Objectives - We investigate the spatio-temporal variation of monthly residential burglary frequencies across neighborhoods as a function of crime generators, street network features and temporally and spatially lagged burglary frequencies. In addition, we evaluate the per-formance of the model as a forecasting tool.

Methods - We analyze 48 months of police-recorded residential burglaries across 20 neigh-borhoods in Amsterdam, the Netherlands, in combination with data on the locations of urban facilities (crime generators), frequencies of other crime types, and street network data. We apply the Integrated Laplace Approximation method, a Bayesian forecasting framework that is less computationally demanding than prior frameworks.

Results - The local number of retail stores, the number of street robberies perpetrated and the closeness of the local street network are positively related to residential burglary. Inclu-sion of a general spatio-temporal interaction component significantly improves forecasting performance, but inclusion of spatial proximity or temporal recency components does not.DiscussionOur findings on crime generators and street network characteristics support evi-dence in the literature on environmental correlates of burglary. The significance of spatio-temporal interaction indicates that residential burglary is spatio-temporally concentrated. Our finding that recency and proximity of prior burglaries do not contribute to the perfor-mance of the forecast, probably indicates that relevant spatio-temporal interaction is lim-ited to fine-grained spatial and temporal units of analysis, such as days and street blocks.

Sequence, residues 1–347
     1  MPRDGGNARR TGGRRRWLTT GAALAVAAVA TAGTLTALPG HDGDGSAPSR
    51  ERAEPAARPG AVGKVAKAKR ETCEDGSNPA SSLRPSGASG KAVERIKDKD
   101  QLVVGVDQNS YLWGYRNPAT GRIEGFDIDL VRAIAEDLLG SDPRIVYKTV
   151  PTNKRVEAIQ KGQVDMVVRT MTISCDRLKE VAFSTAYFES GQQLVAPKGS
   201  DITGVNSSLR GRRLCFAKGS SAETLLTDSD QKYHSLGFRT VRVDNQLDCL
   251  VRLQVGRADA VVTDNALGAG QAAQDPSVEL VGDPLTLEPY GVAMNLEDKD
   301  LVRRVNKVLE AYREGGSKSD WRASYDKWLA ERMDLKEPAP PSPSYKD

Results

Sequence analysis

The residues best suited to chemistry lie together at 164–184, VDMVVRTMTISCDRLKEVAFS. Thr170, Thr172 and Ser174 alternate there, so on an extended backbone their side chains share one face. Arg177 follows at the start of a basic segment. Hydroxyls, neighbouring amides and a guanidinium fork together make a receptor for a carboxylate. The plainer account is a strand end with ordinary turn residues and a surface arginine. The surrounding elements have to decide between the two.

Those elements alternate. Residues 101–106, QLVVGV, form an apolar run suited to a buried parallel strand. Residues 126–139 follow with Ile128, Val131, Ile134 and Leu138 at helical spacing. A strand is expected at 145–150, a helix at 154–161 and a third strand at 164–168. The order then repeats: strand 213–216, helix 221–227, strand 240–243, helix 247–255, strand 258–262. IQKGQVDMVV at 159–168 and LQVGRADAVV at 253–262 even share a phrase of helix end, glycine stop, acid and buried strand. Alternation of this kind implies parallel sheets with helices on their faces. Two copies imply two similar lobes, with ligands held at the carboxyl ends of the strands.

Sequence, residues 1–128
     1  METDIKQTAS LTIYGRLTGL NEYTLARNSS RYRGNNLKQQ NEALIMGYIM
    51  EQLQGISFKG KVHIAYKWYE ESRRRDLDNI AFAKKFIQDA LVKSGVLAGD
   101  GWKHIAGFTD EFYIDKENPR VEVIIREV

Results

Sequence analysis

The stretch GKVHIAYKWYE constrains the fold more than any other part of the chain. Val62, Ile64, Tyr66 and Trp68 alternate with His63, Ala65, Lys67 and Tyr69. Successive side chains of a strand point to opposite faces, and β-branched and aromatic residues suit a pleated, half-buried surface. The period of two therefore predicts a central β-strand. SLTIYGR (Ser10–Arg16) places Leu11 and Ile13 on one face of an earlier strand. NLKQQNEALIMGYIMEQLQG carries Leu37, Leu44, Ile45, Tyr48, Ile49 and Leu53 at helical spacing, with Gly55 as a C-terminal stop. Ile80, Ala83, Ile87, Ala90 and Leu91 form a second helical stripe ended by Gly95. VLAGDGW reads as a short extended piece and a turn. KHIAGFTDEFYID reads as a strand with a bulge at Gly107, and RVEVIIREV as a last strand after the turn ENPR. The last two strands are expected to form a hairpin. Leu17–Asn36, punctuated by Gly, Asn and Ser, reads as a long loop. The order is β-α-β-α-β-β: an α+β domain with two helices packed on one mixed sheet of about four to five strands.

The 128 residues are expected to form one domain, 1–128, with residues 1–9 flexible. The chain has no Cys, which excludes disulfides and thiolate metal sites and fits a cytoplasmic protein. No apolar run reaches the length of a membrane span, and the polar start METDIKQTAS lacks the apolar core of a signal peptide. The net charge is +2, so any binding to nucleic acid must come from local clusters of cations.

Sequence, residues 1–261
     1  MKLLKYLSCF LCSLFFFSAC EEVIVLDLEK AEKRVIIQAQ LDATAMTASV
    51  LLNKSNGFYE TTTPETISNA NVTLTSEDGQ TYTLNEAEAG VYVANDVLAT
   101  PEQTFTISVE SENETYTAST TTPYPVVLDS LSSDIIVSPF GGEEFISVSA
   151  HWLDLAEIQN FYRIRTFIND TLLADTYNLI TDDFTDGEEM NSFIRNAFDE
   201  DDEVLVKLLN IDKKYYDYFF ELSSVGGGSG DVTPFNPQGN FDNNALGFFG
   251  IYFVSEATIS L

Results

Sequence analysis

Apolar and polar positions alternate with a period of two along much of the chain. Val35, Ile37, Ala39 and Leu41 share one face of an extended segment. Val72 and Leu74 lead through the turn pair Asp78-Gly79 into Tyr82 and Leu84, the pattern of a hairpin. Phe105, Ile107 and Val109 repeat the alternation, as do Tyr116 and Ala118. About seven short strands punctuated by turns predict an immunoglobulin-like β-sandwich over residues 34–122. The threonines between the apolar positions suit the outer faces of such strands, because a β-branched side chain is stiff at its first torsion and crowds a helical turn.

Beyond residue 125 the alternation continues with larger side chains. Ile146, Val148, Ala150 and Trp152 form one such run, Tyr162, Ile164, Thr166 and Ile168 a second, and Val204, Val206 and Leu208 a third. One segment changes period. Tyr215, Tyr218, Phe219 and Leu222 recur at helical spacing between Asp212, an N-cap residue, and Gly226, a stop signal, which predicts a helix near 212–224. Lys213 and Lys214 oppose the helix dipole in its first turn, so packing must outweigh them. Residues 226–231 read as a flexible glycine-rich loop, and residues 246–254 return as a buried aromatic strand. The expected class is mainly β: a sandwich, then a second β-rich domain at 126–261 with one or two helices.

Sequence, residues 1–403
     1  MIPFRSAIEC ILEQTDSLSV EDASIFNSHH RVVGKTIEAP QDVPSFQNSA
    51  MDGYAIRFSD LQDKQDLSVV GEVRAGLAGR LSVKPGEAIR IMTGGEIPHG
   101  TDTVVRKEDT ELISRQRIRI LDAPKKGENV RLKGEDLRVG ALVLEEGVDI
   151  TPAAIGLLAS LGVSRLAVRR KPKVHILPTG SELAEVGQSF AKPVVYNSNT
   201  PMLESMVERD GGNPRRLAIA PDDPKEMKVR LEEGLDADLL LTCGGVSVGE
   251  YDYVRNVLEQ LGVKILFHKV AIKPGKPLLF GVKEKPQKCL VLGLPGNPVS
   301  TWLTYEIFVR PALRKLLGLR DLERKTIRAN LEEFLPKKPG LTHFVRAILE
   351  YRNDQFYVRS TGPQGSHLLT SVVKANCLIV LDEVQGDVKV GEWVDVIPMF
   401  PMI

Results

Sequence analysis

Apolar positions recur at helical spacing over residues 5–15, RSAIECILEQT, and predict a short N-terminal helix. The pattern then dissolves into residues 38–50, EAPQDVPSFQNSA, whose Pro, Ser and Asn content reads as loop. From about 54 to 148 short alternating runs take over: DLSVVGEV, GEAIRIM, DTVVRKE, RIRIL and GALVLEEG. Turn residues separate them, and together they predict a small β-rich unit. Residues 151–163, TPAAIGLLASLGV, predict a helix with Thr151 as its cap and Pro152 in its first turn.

Discussion - Our findings on crime generators and street network characteristics support evidence in the literature on environmental correlates of burglary. The significance of spatio-temporal interaction indicates that residential burglary is spatio-temporally concentrated. Our finding that recency and proximity of prior burglaries do not contribute to the performance of the forecast, probably indicates that relevant spatio-temporal interaction is limited to fine-grained spatial and temporal units of analysis, such as days and street blocks.

Additional Metadata
Persistent URL dx.doi.org/10.1007/s10940-020-09469-3
Journal Journal of Quantitative Criminology
Citation
Mahfoud, M, Bernasco, W, Bhulai, S, & van der Mei, R.D. (2020). Forecasting spatio‑temporal variation in residential burglary with the integrated Laplace approximation framework: Effects of crime generators, street networks, and prior crimes. Journal of Quantitative Criminology, 1–28. doi:10.1007/s10940-020-09469-3